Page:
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Spinning With Bamboo


As hand spinners, we are very fortunate to have a wide selection of fibers available to us. One that has a great deal of potential as both a blended fiber, or used exclusively is bamboo. Like most natural hand-spinning fibers, bamboo is a renewable resource. It seems that only the trendy fibers are being labeled as “green” , but come on spinners, we were green before green was cool! If you think about it, most fibers are harvested at least annually, which depending on how many fleeces I get in a year, is far faster than I can use them. I have also found that fiber farmers are far more environmentally conscious than most.

I would have to compare bamboo, like many other spinners do, to silk. It adds luster to wools when blended. However, it does not add elasticity, or memory to camelid fiber, so I would still add wool to the camelid fiber in addition to the bamboo. An advantage to using bamboo instead of silk is that it is less likely to form kemps in the carder as the staple length is usually about two and a half inches. I recently blended 73 percent alpaca with 14 percent Shetland wool, and 13 percent bamboo. Thank goodness I spun my thousand yards of lace weight right away, because the rest of the roving sold like hotcakes at the Maine Fiber Frolic. I’ll be sure to put up a picture of the finished shawl when I finally get that far, but be sure to check out the roving picture below.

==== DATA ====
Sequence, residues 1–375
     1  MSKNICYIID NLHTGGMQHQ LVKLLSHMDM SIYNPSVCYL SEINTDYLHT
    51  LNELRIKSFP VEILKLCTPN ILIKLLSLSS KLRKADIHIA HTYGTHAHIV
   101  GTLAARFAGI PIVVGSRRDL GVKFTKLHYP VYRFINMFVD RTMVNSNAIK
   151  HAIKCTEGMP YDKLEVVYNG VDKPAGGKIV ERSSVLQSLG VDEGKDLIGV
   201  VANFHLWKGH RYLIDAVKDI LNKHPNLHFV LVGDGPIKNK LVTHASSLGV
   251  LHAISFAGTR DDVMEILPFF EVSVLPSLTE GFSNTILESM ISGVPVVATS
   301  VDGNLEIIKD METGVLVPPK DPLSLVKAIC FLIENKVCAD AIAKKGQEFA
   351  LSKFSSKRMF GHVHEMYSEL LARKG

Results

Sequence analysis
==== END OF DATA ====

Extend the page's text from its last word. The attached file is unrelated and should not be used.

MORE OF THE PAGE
When spinning bamboo alone, it is a very slippery fiber, which I found to be a benefit as a primarily long draft spinner. The fibers draft almost effortlessly, and create very fine yarn that is consistent. I added a bit more twist than I would with protein fibers, just to be sure of good fiber contact. I am thinking of using the straight bamboo yarn as a weft in my table loom, but I’m sure it would also be more than suitable as a warp yarn. Now, I just need to decide to which weaving project am I going to add it.

Another interesting result that I was able to dye the blended roving mentioned above using an acid dye, so the protein fibers, alpaca and wool, took up the dye. The bamboo, being a plant fiber did not take the dye, instead it sparkles white among the dyed fiber adding a spectacular result.
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Content copyright © 2013 by Laun Dunn. All rights reserved.
This content was written by Laun Dunn. If you wish to use this content in any manner, you need written permission. Contact Laun Dunn for details.

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